Will I be happy with Linhoff Technica III movements?

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I am considering the purchase of a used Linhof 23 (baby technica) III or IV. I am concerned that it may not have enough movement. Aprarently it has no front swings and shifts and can only tilt up. I read all the existing message traffic I can find but didn't really find the answer to the following: Has anyone out there used this camera for landscape and city scape photography and wished they had more movement? I am also considering the Technikardan 23 but I want to do some serious moiuntain hiking with the camera and I love the fold up pkg of the technica

Also a question for Bob the Linhof man - can you summarize the differences between the Technika series of cameras over the years - i.e. the major differences between III, IV, 70, V, and 2000. I am only interested in the 23s but others might appreciate similar info on the 45s. Also which models came without range finders - I don't think I wnat a rangefinder.

Thanks - AL James

-- Al James (groupj@home.com), December 24, 1999


Have you considered an MPP? It is an excellent LF field camera, based on prewar Linhof designs, but I find it a great 'wee' camera. It has ample movements; approx 15deg movement at rear, 7/8" shift approx 30mm rise, drop bed, though some have double drop bed, front tilt enough to make the lens board vertical after drop bed, front swing (not sure of full extent of some move ments as I have not used them yet). Also it has a total of 17" bellows extention. If you are interested in using an MPP instead of Linhof (I think the Mk III Linhof is near in price to a Mk6 to a Mk8 MPP dependant on where you get them and their condition)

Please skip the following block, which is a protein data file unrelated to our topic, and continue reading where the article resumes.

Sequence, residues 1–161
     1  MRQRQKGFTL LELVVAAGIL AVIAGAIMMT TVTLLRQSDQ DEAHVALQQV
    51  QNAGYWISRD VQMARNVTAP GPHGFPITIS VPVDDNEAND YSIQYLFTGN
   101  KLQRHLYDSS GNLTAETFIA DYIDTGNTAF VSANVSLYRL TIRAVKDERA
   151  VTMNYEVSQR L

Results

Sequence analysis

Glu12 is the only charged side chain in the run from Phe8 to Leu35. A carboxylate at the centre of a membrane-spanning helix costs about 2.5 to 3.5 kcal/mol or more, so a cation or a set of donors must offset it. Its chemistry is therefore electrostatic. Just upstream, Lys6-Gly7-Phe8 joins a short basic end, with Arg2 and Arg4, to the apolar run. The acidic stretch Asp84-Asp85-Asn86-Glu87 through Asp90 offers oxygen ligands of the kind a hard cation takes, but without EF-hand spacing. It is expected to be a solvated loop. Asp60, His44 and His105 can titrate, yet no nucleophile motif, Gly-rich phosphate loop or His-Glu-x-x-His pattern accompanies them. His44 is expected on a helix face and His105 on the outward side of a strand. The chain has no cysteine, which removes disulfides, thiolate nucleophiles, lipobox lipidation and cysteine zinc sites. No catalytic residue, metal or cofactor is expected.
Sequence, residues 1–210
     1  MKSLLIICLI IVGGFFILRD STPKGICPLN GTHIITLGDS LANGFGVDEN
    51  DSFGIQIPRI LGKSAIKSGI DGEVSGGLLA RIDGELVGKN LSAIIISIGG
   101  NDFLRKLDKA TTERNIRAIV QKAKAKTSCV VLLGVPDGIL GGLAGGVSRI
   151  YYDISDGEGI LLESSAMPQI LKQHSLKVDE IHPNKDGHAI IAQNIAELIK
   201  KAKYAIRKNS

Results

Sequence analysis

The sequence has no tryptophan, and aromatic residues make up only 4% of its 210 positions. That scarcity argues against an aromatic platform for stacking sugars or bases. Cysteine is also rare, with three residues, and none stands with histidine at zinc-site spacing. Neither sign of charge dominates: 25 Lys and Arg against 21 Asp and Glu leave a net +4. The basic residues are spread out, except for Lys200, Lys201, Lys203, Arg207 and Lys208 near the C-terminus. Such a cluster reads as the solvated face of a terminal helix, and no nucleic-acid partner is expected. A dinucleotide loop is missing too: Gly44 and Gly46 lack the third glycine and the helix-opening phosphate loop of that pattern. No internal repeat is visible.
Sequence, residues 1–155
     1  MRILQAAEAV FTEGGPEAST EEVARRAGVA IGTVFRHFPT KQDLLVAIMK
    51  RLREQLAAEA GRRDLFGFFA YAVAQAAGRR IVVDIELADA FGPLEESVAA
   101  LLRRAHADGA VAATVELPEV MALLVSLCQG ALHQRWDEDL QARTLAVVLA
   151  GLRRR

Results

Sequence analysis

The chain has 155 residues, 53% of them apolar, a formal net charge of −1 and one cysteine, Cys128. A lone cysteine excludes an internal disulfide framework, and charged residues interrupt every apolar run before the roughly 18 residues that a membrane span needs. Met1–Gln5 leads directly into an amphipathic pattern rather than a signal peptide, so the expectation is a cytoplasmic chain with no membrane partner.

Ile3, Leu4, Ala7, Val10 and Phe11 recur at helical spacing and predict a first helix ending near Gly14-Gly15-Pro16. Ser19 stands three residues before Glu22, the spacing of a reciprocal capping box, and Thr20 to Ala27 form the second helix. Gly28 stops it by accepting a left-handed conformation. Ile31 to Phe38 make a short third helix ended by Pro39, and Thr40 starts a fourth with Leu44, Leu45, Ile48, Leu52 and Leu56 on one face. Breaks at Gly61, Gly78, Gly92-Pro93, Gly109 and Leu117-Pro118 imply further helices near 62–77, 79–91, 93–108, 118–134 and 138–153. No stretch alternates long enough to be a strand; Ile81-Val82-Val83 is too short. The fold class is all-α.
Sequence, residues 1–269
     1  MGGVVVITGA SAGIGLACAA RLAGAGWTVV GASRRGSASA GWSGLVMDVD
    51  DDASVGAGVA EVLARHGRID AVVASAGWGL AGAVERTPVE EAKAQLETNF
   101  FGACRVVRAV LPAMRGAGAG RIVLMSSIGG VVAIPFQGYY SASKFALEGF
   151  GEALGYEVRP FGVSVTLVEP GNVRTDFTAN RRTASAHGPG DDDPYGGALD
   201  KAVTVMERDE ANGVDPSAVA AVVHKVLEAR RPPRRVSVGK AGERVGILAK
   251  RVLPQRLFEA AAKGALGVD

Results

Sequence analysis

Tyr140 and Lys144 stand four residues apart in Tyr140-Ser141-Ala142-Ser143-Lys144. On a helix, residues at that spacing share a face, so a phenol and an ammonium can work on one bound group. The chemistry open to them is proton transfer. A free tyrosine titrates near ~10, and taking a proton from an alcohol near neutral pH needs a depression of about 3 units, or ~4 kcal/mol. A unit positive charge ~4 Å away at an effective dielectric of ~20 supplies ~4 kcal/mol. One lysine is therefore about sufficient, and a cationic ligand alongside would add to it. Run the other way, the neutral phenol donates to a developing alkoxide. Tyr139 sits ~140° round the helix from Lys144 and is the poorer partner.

-- David Kirk (David_J_Kirk@hotmail.com), December 24, 1999.

Al: Agree with the assessment of the MPP. I have one and do 90%of my large format work with it. The MPP is a British version of the Linhof 111. I believe the 2x3 Linhof has slide and swing movements also. The lens board assembly also tilts to the back. When turned on its side, the swing movements become vertical tilt, so that is no problem. I really don't think you will run out of movements on either camera. Doug

-- Doug Paramore (dougmary@alanet.com), December 24, 1999.

Going from a Linhof to MPP or other clone is like going from Sophia Loren to Twiggy...

it just ain't the real deal.

Check the articles on the page & most likely Bob will chime in as well. But once you use Linhof gear most of the rest of the field is left by itself. There is a good reason so many others do Linhof copies & knock-offs, but still no one does it like the original.

-- Dan Smith (shooter@brigham.net), December 24, 1999.

Dan: I kind of like Twiggy. Actually, my older MPP is an excellent camera, very precisly made and locks down tight. I am considering finding a Linhof IV for the front forward tilt. The woman to whom I've been married for 35 years says it's kind of stupid to even think about one of the $5,000 new Linhof Vs. I couldn't agree with her more. I absolutely can't see $5,000 worth of metal, plastic and labor in a Linhof. I'm glad Linhof, Sinar and some the others don't make automobiles. They would cost millions of dollars. I stick by my statement that MPP is a darn good camera, if a bit dated. Good Shooting, Doug

-- Doug Paramore (dougmary@alanet.com), December 25, 1999.

"The woman to whom I've been married for 35 years says it's kind of stupid to even think about one of the $5,000 new Linhof Vs."

Some problems with your response.

1: A new 4x5 Technika V would be virtually impossible to find. They have not been made for 23 years!

2: A new Master technika is no where near $5000.00 so your wife can relax.

A black body Master Technika 45 retails for well under $5000.00 new.

-- Bob Salomon (bobsalomon@mindspring.com), December 25, 1999.